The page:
Last year I was blown away by guest curator, Carol Marie Garcia's exhibition Laughing Bones/Weeping Hearts: Días de los Muertos 2006, at the the Oakland Museum of California in celebration of Días de los Muertos (Day of the Dead). So, it was with some nervous expectation that I entered this year's Ancient Roots/Urban Journeys: Expressions for Días de los Muertos at the Oakland Museum of California. Would it be the same? How could the museum top last year?
Of course, you can't duplicate a standout exhibition, but you can stand out on your own in a whole new way -- and that's just what the Oakland Museum has done this year. Ancient Roots/Urban Journeys: Expressions for Días de los Muertos marks the 14th year that the Oakland Museum of California has celebrated the Day of the Dead. Although the exhibition is smaller in size than last year, the museum once again presents visitors with a thoughtful and colorful exhibition. Anjee Helstrup-Alvarez, associate director/curator of San Jose's Movimiento de Arte y Cultura Latino Americana (MACLA), guest curated the special exhibition of ofrendas created by local artists that reinterpret traditional meanings of the holiday while looking at current urban conflicts. The background for each ofrenda is painted a different color and each offers a different perspective on tradition celebrations.
The threat of urban violence is present in more than one of the ofrendas (ofrenda means offering in Spanish and in this case, the altars built to remember and honor the dead). In one corner of the exhibition there is a recreation of the street altar that was built after Oakland Post Editor, Chauncey Wendell Bailey Jr. was gunned down on August 2, 2007, in downtown Oakland. Photos of the actual street altar hang above the one installed at the museum. In one powerful image, which depicts the impact of violence, a young child on a bicycle has stopped in front of the memorial to take a look. In another ofrenda, Amor Eterno/Eternal Love, school children from the Reach Academy created R.I.P. t-shirts to honor those who died by violent death.
Aida Gamez's El Camino a Ningún Lado/Road to Nowhere, combines the use of cornhusks and a Buddhist mandala to honor those who have died while trying to cross over the border into the United States. Her ofrenda reminds viewers that the story of illegal immigration is not simply a news article about laws and statistics. Gamez puts a human face on those who have died, filling the mandala with photos and writing their names on the corn husks that hang from the ceiling. The artwork seems to ask, what if you knew one of these people? What if you knew them all? How would you honor them?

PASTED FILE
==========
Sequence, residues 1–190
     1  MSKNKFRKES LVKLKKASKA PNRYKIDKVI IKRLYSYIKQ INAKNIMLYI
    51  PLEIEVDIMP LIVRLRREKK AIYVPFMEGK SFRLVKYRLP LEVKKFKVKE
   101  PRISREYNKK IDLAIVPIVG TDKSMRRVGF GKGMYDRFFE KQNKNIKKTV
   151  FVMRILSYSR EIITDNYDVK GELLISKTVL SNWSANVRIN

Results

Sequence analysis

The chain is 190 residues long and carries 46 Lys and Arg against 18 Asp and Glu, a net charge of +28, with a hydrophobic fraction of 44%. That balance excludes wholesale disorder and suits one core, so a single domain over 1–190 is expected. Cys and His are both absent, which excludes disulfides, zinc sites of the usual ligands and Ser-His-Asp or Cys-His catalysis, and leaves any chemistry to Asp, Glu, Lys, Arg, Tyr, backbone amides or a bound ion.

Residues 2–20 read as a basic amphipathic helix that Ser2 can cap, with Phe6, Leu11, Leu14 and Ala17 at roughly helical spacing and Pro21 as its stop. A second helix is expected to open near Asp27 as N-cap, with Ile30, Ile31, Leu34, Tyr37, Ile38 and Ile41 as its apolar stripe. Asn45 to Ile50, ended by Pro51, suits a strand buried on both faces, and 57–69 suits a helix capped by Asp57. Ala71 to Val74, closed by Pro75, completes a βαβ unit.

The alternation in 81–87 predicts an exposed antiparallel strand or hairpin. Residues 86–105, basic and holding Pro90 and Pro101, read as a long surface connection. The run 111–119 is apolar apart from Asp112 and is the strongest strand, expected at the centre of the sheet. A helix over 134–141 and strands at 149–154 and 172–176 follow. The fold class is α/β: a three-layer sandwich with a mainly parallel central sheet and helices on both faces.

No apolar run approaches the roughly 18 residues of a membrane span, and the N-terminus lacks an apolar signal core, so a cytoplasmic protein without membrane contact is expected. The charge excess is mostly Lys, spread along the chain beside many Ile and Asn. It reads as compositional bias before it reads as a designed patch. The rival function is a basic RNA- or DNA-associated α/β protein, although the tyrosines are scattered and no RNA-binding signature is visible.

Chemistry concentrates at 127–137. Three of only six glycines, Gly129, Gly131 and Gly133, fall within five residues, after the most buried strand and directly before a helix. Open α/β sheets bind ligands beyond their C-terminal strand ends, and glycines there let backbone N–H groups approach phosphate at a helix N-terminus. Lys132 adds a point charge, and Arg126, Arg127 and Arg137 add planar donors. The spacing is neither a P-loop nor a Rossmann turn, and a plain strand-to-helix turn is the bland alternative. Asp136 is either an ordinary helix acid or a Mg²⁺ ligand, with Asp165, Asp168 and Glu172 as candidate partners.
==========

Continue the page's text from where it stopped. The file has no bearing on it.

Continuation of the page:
We live in a fast-paced world where reflection is often neglected and important thoughts become passing thoughts. But, if you don't slow down enough to thoroughly investigate this exhibition you will miss many fine points, like an ofrenda about a storyteller and film fanatic who was deaf; the "giant petrified tears" in the curious tale of the search for a mythical land, Mictlan; the story behind the circle of coal at the center of Elizabeth Gomez's vibrantly colored Inversion Termal/Thermal Inversion; or a lone telephone that sits on a stand with a sign in small letters instructing, "Levante el teléfono. Pick up the phone." On the line listeners hear the voice of Antonio (Tony) Salazar asking you to leave a message, which, upon the realization that he is an honoree in the ofrenda to the left of the phone, is very moving to anyone who longs to hear the voice of a lost loved one, one more time.
Walking through the exhibition, I couldn't help, but wonder about how I honor and remember the dead? Is there more to losing someone than anger, sadness or relief? The ofrendas offered me peace and contentment, and I was delighted by the array of remembrances and objects that the artists had chosen to represent the lives of those past. Just when I was circling the gallery for the last time, I spied a place where museum visitors were invited to write down the name of someone they knew who had passed away, to add to a community ofrenda. I picked out a dark blue circle of tissue paper, the favorite color of the person I had been thinking about throughout the exhibition, scribbled down the name, folded the tissue paper in 8ths, and placed it in the metal grid that held other names on other tissue papers.Together they appeared as colorful flowers poking out of the metal.
Ancient Roots/Urban Journeys: Expressions for Días de los Muertos at the Oakland Museum of California runs from October 10 Â– December 2, 2007. For more information visit museumca.org